LLRT JavaScript Runtime: Redefining Serverless Latency

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Discover AWS's experimental JavaScript runtime, LLRT (Low Latency Runtime), designed specifically to address the growing demand for fast and efficient Serverless applications.

Richard Davison
Richard Davison
20 min
17 Jun, 2024

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Video Summary and Transcription

Swift responsiveness is essential, and LLRT is a new JavaScript runtime optimized for serverless environments that offers improved performance and cost savings compared to other runtimes. LLRT achieves fast performance by removing complexities, leveraging Rust, and optimizing the AWS SDK for Lambda. It starts almost six times faster than Node.js and provides a cost saving of 2.9 times and a time saving of 3.7 times compared to Node.js.

1. Introduction to LLRT

Short description:

Swift responsiveness is essential. Serverless services like AWS Lambda sometimes introduce latency. LLRT is a new JavaScript runtime specifically tailored for serverless environments. LLRT does not incorporate a just-in-time compiler, conserving CPU and memory resources. LLRT offers virtually negligible cold starts and supports ECMAScript 2020 with many Node.js APIs.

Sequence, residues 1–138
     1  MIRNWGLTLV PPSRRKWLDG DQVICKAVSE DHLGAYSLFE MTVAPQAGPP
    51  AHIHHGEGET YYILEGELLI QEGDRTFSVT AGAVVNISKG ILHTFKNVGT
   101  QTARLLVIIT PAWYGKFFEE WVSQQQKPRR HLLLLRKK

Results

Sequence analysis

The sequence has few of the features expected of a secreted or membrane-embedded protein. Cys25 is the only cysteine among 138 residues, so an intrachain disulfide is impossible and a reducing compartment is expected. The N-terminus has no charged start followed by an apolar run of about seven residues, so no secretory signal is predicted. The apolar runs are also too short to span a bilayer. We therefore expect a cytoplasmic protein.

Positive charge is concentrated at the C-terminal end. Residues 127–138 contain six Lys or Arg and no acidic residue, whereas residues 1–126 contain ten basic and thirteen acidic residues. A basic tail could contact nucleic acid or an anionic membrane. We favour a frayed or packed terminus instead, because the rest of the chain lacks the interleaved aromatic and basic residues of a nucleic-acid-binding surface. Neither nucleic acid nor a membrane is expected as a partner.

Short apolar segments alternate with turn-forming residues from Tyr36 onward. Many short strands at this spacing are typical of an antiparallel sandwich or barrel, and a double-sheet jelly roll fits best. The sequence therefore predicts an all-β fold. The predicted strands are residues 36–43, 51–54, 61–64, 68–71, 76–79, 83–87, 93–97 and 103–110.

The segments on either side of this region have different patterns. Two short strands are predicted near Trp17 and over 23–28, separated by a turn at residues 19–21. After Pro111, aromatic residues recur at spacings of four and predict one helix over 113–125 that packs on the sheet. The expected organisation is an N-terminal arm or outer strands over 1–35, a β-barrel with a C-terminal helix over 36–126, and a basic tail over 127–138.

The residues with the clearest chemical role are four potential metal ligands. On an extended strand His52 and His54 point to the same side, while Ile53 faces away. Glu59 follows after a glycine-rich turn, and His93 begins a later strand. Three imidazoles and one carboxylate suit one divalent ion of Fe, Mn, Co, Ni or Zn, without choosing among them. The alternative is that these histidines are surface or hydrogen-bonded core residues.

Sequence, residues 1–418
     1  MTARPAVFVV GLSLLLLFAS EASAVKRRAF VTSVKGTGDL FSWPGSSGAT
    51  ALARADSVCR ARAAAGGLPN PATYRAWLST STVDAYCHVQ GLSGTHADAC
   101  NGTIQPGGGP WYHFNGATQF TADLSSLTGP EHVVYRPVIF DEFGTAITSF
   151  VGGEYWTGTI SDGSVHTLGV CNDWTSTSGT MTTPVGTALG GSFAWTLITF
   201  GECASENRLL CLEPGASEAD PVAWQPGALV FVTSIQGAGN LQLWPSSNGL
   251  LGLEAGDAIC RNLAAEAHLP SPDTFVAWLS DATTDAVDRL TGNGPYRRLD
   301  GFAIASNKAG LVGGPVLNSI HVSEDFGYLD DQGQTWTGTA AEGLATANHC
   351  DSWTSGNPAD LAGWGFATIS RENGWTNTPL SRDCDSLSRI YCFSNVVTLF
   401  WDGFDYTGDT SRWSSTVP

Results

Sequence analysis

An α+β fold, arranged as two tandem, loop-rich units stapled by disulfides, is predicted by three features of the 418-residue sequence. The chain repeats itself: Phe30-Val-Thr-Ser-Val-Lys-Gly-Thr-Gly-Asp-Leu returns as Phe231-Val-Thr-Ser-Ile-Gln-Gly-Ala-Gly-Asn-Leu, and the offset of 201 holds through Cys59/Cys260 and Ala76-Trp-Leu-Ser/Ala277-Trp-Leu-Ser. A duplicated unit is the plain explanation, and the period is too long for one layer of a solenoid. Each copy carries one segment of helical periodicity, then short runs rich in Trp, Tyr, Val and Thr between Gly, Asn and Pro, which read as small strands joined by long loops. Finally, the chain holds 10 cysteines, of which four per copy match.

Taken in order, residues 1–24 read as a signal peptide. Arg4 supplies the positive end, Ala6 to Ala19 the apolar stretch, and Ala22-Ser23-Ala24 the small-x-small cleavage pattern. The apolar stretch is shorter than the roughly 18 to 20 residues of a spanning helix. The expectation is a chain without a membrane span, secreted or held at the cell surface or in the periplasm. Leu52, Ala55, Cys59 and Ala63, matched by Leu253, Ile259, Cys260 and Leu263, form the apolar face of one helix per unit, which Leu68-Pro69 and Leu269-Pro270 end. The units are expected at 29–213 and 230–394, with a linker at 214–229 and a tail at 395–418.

Hello, everyone. In today's world of modern applications, Swift responsiveness is essential. Developers expect excellence experience where every action triggers an immediate response.

Serverless services such as AWS Lambda allows developers to build modern applications without the need to provision any servers or additional infrastructure. However, these services sometimes introduce or add a bit of latency when provisioning a new execution environment to run the customer code. This is sometimes referred to as a cold start. And even though production metrics shows that cold starts typically occur for less than 1% of all invocations, and sometimes even less, it can still be a bit destructive to the seamless user experience that we're targeting.

What if I told you that there is a solution to cold starts? What if I told you that you can run JavaScript applications on AWS Lambda with virtually negligible cold starts? My name is Richard Davison. I work as a partner solution architect, helping partners to modernize their applications on AWS using serverless and container technologies. And I am here to talk about the project that I've been building for some time called LLRT and how it redefines serverless latency.